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Pediatric Tunneled Central Venous Catheter
A tunneled central line is a catheter (a thin tube) that is placed in a vein for long term use. It is most commonly placed on the chest and tunnels under the skin upward toward the neck, then into the blood vessel that carries blood to the heart. The catheter is tunneled under the skin. It has a cuff attached to it that allows tissue and skin to grow around it, giving the line more stability.
Tunneled central lines are used when we need access to a vein over a long period of time (anywhere from two weeks to several months). Some medications can't be given through regular IV lines and require frequent, painful needle insertions. A tunneled central line is a more comfortable way for the patient to receive medications such as chemotherapy, nutrition and fluids, and also allows the medical team to obtain blood samples without placing a new IV. Larger tunneled CVCs can also be used for hemodialysis or long-term treatments like blood exchange or ECP.
Using ultrasound and live X-ray (fluoroscopy) for guidance, your child's doctor will insert the catheter into a vein, usually in the neck, and thread it into the large vein that carries blood into the heart. The other end of the catheter is tunneled under the skin and exits from the chest. The Interventional Radiology team at Children's National Hospital will always use the least amount of radiation as possible.
No. The procedure will be performed with IV sedation or general anesthesia.
After the procedure, some children may feel mild discomfort around the site for several days.
This procedure is considered low risk. However, potential complications include:
- Puncture of adjacent structures (such as veins, arteries or nerves)
- Lung puncture (pneumothorax)
- Catheter breakage (when it is being removed)
- Allergic reaction
Your child will have two bandages, one over the insertion site (usually at the neck), and one over the catheter at the exit site (usually on the chest). After 48 hours, you may remove part of the bandage on the neck. The Dermabond©, which is the blue glue on the incision, will come off by itself in one to two weeks. Do not pick it off.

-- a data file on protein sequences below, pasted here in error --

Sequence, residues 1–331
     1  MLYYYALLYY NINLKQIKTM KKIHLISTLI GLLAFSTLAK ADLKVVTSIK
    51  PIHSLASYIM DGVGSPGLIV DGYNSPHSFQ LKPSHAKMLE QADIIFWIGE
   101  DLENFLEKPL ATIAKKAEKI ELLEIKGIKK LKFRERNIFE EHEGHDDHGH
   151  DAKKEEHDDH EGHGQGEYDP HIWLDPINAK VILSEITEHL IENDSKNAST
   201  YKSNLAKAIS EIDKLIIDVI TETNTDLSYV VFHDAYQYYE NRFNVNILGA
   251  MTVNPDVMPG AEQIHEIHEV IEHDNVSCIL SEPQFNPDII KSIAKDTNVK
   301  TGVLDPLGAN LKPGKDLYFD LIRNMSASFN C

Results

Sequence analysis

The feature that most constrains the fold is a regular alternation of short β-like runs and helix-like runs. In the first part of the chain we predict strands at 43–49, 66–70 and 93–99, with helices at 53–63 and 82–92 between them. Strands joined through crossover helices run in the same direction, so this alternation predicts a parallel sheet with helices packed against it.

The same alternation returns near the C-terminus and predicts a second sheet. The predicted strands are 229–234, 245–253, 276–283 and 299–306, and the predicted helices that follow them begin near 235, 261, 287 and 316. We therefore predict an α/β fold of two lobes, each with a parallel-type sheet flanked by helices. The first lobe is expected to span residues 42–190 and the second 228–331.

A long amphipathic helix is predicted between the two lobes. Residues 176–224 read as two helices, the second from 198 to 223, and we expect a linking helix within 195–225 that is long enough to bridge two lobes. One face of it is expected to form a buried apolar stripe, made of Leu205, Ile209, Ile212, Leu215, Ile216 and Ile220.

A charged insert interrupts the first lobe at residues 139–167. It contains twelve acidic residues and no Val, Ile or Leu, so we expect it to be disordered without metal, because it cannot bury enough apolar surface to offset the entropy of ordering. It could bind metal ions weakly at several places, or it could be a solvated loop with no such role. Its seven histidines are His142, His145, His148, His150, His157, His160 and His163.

The bandage over the catheter must remain clean and dry at all times. It should be changed once a week. The bandage may be changed at appointments or family members may change it at home if they have been trained to do so. Do not remove the bandage if you have not been trained.
Your child shouldn't take a shower or bath for 48 hours, until you have removed the bandage on the neck. After that, your child may shower or bathe with the catheter site bandage in place and covered. The dressing and catheter should remain dry. If showering, your child should face away from the spray so water does not hit the catheter directly. The catheter and insertion site should never be submerged under water.
After the tunneled central line is inserted, your child will be able to resume most activities, including day care or school. Your child should be discouraged from activities, such as contact sports and rough playing, which may result in a pull to the line and lead to damage or loss of the catheter. If you have questions about which activities are okay, please ask your child's doctor.
The procedure is performed with IV sedation or general anesthesia. Local numbing medicine will be injected into the skin around the catheter exit site (usually on the chest). The tissue will be loosened from the skin and the catheter removed.
The bandaged must stay in place for 48 hours. Then, you may remove the bandage. Once the incision has healed, there is no need to place any type of dressing or covering over the site.
Your child shouldn't take a shower or bath for 48 hours. After 48 hours, your child can shower or bathe normally.
Learn about treatment
Interventional Radiology at Children's National Hospital
Our pediatric interventional radiologists perform a full range of minimally invasive, image-guided procedures to both diagnose and treat disease in infants, children and adolescents. Discover more about the treatment we offer.
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